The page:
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About Dr Akil N Awan

Dr. Akil N. Awan is Assistant Professor in Modern History, Political Violence and Terrorism in both the Department of History and the Department Politics & International Relations at Royal Holloway, University of London. He previously held the RCUK Fellowship in the ‘Contemporary History of Faith, Power and Terror’ at RHUL.
His research interests are focused around terrorism, political violence, social movements and protest, new media, and contemporary religion, having taught and published widely on these subjects.
He also serves as the Director of Undergraduate Studies in History and the Deputy Director of the Humanities and Arts Research Centre at Royal Holloway. In addition, he is also Research Associate with the New Political Communication Unit, with the Centre for Public History, and the Centre for Minority Studies.
Dr Awan is regularly consulted by government bodies, think-tanks, and other organizations in his fields of expertise, and has served as an advisor to the UK Parliament, The Home Office, the US Military, RICU, The Foreign & Commonwealth Office, Wilton Park, and the Royal United Services Institute amongst others. He has also served as key academic expert on Radicalisation to the UK Parliament, and as academic expert on Political Violence & Genocide to the House of Lords delegation to Srebrenica.
He is also a regular commentator in the Media and his research has appeared on Channel 4, BBC Radio 4, The Economist, the LA Times, Reuters, CNN, MSNBC, BBC World Service, and US National Public Radio.
CURRENT PROJECTS
+ Radicalisation - Causes, Processes & Consequences: His principle research concern over the last few years, however, has focused largely on processes of political radicalisation and the growth of violent extremism. He has published widely on these topics, writing on political disenfranchisement and failed political socialisation; contested identity construction; the role of religion and sacralised violence; legitimation of violence; the role of new media, as well as pioneering the study of 'autonomous radicalisation online' in 2006. Moreover, he has held a number of major research awards in order to explore this field, including a prestigious 5-year RCUK Fellowship in the 'Contemporary History of Faith, Power and Terror' and a major 2-year ESRC-research grant on Legitimising the Discourses of Radicalisation: Political Violence in the New Media Ecology.

+ Religion, Conflict, and Digital Communication in the Greater Muslim World: A British Council funded project in collaboration with Georgia State University, and the Carter Center that seeks to explore whether Muslim religious authorities, institutions and local networks can provide solutions to the shared global challenges of social conflict and political violence, and the role digital communications technologies might play in this process?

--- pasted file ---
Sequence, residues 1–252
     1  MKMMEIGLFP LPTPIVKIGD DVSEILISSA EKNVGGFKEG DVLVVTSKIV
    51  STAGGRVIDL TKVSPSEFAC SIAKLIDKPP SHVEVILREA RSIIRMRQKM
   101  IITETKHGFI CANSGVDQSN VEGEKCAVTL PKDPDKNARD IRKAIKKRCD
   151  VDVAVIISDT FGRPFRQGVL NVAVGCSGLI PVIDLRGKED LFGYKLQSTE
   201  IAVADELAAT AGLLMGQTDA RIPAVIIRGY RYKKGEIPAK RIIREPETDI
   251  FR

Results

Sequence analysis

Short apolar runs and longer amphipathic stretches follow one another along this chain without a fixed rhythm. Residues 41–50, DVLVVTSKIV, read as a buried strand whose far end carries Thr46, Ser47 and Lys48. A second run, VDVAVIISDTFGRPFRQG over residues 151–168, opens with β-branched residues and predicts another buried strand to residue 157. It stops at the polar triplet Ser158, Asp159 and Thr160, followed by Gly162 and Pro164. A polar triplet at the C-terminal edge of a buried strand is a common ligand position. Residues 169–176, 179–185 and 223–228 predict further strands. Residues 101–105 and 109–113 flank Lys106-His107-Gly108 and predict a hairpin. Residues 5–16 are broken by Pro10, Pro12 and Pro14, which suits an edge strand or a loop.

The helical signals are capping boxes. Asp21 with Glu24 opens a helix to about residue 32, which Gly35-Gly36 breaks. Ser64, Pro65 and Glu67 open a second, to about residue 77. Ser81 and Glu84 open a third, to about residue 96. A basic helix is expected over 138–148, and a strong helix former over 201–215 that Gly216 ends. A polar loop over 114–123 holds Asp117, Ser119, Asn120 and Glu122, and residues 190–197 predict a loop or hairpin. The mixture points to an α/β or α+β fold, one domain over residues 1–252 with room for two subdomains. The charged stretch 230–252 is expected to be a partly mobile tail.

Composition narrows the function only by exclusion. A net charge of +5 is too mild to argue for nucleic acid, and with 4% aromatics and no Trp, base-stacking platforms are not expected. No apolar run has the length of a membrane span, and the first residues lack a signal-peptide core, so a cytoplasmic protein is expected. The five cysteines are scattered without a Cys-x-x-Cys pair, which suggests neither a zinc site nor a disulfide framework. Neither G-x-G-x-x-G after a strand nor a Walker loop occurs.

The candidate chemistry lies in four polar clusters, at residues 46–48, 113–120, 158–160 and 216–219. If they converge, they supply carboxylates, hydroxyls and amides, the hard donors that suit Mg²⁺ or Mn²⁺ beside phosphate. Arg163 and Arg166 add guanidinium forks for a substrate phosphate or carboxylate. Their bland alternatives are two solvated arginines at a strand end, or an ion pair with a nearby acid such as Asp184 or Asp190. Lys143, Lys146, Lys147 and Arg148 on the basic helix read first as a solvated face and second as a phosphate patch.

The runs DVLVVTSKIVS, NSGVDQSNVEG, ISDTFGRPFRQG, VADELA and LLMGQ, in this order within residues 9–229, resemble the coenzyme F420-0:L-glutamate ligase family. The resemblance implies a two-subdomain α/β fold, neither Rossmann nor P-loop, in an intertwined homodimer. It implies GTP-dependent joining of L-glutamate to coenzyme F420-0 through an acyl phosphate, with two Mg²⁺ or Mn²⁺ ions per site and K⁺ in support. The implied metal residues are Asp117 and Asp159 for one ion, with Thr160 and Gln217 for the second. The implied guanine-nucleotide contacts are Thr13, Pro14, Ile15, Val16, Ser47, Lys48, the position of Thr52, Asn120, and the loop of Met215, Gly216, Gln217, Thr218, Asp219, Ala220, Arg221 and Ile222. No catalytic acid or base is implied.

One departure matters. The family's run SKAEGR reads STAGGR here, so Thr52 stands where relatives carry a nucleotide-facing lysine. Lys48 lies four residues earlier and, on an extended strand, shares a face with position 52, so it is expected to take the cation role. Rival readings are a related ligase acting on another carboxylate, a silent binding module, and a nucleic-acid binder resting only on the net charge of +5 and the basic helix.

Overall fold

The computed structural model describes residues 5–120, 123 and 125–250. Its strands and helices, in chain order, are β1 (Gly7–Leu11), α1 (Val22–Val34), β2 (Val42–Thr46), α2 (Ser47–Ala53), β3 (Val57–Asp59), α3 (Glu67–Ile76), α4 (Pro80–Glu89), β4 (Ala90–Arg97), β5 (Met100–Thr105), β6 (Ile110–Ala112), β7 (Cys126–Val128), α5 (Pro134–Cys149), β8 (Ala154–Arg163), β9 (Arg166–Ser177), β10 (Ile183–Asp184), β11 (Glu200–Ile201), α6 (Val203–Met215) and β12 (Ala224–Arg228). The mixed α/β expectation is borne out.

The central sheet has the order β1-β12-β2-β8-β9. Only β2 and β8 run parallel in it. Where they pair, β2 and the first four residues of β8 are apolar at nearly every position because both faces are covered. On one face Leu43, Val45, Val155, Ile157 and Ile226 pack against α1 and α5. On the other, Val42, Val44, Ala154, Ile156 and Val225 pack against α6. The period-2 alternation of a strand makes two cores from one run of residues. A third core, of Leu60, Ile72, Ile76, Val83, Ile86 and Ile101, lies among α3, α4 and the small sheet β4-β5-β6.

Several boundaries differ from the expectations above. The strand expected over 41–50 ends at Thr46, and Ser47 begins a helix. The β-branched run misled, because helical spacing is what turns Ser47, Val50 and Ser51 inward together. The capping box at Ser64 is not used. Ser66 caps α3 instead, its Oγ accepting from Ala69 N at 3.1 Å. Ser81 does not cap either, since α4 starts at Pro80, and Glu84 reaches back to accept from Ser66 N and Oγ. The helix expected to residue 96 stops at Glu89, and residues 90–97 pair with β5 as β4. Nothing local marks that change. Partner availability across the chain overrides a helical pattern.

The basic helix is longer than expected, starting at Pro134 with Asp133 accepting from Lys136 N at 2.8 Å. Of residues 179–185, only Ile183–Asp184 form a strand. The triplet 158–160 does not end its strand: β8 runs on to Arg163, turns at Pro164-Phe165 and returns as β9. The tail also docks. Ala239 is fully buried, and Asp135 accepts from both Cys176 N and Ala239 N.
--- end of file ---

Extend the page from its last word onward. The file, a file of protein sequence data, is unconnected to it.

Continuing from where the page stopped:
+ ‘Taking Liberties’ with Magna Carta: Violence and Injustice or ‘Lawful Rebellion’: a 2-year project that problematises the forthcoming 800th anniversary commemorations of Magna Carta, exploring contemporaneous acts that have betrayed its legacy and ethic, including detention without trial, extraordinary rendition, torture, extrajudicial killings, and even the creation of internment camps like Guantanamo Bay. The project explores how Magna Carta might retain relevance and meaning for a new generation, in light of the moral dissonance engendered by this knowledge.
+ Engaging with the Crusades: Politics, Polemics, and Radicalisation: A new project that seeks to assess the degree to which tendentious historical interpretations of the Crusades and their associated radicalising discourses have been employed by violent extremists like Anders Breivik or al-Qaeda to propound extremist views and negatively influence mainstream audiences. The project also seeks to assess mainstream and popular interpretations and perceptions of the Crusades and the consequences and ramifications of these understandings, which is of particular importance when attempting to gauge audience resilience to radical discourses and narratives, and to assess whether popular countervailing discourses on the Crusades can prove sufficiently inoculating against extremist messages.
+ Young and Radical: Failed Political Socialisation and Radicalisation to Violence - A Comparative Study of 1968 with 2014:
Follow him on Twitter here: @Akil_N_Awan

Positions

Present Deputy Director of Humanities & Arts Research Centre (HARC), Royal Holloway, University of London
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Present RCUK Fellow in Faith, Power & Terror, Royal Holloway, University of London
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Present Lecturer in Modern History, Political Violence & Terrorism, Royal Holloway, University of London
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Research Interests

Terrorism & Political Violence, Radicalisation, Social Movements, Protest & Activism, Conflict Resolution & Peace-Building, and New Media


Contact Information

Dept. of History / Politics & IR
Royal Holloway, University of London,
Egham, Surrey
TW20 0EX
Twitter: @Akil_N_Awan

Email:


Articles (6)

Books (1)

Contributions to Books (3)